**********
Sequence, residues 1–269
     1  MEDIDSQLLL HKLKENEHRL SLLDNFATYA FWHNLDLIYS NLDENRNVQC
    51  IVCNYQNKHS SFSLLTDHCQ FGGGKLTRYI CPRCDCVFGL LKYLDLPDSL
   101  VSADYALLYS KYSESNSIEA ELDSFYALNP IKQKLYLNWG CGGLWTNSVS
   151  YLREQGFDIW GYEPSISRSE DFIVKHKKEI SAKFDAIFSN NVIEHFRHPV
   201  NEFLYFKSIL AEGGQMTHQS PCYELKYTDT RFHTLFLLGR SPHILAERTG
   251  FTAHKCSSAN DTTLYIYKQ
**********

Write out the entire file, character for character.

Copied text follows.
Sequence, residues 1–269
     1  MEDIDSQLLL HKLKENEHRL SLLDNFATYA FWHNLDLIYS NLDENRNVQC
    51  IVCNYQNKHS SFSLLTDHCQ FGGGKLTRYI CPRCDCVFGL LKYLDLPDSL
   101  VSADYALLYS KYSESNSIEA ELDSFYALNP IKQKLYLNWG CGGLWTNSVS
   151  YLREQGFDIW GYEPSISRSE DFIVKHKKEI SAKFDAIFSN NVIEHFRHPV
   201  NEFLYFKSIL AEGGQMTHQS PCYELKYTDT RFHTLFLLGR SPHILAERTG
   251  FTAHKCSSAN DTTLYIYKQ